Hot Button Discussion The 4K Benchmark By Michael Goldman
The buzzword "4K" was a major theme through the recent NAB 2011 show in Las Vegas, particularly at the DCS 2011. In terms of 4K image capture, the issue was a hot topic partly because of Sony's debut of its new F65 CineAlta Digital Motion Picture Camera. Sony is promoting the camera as a true 4K (4096 x 2160) digital imaging system for high-end movie production built around an 8K 20-megapixel CMOS chip with new architecture that permits almost half of those 20 megapixels to be dedicated to green channel photosites for each pixel, allowing the capture of wider color space, since the green channel is the foundation of the luminance signal on digital sensors. Along with F65 comes a corresponding workflow methodology that outputs 16-bit linear RAW data and is built specifically to accommodate the Academy Image Interchange Framework-Color Encoding Specification (IIF-ACES).
"4K," technically refers to 4,000 pixels of horizontal resolution in a digital image capture format or in scanning 35mm film frames. In practical terms, however, "4K" is a far more complicated question. Until recent years, the notion of image capture at 4K in a digital camera system was more of a comparison concept—a way of evaluating just how close digitally acquired imagery could get to emulating the spatial resolution and certain other properties of a 35mm film image. Then, the industry started exploring ways to build image sensors that could actually record 4K imagery comparable to film imagery. The now-defunct Dalsa Origin technology was the first serious attempt at this, using a 4K (4096 x 2048), 8.3-megapixel CCD Bayer Pattern sensor capable of 16-bit output. The camera system's size and ergonomic limitations made it bulky to use in the field, and then the Dalsa Corporation withdrew entirely from the motion-picture business and the effort was shelved.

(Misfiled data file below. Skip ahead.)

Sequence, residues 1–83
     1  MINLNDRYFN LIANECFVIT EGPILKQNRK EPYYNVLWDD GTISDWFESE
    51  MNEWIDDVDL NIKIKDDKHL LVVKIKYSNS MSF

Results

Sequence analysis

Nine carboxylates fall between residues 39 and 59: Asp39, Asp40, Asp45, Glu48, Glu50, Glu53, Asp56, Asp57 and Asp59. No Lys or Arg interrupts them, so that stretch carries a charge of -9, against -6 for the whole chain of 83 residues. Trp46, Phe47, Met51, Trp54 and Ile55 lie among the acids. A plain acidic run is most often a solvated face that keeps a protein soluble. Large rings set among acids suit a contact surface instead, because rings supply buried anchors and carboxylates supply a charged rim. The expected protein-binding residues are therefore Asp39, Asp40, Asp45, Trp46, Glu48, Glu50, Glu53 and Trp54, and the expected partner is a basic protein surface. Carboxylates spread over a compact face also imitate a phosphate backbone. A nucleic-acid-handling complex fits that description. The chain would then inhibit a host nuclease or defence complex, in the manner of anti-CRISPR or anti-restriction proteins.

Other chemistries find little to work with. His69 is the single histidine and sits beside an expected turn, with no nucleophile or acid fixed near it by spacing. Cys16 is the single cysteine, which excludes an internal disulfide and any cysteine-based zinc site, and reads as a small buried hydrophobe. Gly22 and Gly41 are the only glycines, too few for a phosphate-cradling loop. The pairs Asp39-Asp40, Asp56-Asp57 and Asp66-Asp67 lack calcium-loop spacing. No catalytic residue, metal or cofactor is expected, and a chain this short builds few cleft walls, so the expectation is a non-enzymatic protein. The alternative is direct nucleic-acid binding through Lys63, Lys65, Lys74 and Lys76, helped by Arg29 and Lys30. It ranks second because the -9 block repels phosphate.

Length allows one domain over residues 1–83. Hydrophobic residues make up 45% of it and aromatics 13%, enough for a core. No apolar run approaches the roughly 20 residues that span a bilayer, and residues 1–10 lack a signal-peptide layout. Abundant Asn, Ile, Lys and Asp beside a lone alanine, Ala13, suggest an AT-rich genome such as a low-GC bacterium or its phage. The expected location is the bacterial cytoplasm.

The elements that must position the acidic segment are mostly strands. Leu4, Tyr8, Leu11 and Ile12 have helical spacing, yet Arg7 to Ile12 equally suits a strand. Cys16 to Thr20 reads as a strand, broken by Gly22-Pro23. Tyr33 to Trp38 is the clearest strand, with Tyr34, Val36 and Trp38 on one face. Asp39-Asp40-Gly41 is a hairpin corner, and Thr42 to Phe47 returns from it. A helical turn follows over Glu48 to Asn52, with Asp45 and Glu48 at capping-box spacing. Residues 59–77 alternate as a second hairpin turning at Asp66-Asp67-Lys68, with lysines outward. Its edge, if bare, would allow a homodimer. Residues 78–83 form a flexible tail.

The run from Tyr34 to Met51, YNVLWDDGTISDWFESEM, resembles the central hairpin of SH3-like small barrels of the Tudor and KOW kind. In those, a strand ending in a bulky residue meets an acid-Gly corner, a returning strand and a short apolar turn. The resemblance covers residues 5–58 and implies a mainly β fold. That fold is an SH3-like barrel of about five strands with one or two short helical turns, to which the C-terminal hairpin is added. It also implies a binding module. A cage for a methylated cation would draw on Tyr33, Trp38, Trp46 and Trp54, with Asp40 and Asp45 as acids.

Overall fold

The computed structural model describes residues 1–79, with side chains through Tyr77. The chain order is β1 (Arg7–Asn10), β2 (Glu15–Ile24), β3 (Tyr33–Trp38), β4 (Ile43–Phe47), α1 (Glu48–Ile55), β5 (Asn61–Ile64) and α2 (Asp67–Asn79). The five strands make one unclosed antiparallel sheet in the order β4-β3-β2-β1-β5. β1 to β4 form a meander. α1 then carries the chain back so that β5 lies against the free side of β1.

Then, of course, the Red Digital Cinema Company significantly impacted the industry with the development of its Mysterium-X sensor, now found inside the compact Epic camera system. Mysterium-X is a 5K (5120 x 2700), 14-megapixel Bayer Pattern CMOS chip capable of capturing a 5K image on the chip before generating a 5K RGB image that can be sub-sampled to any desired output resolution. Red One cameras with Mysterium chips, and now Epics, are in wide use across the industry, having a major impact on the broadcast television industry, and are now also proving quite popular as cameras of choice for 3D stereoscopic rigs due to their relatively compact size and weight, combined with the additional pixels they can capture.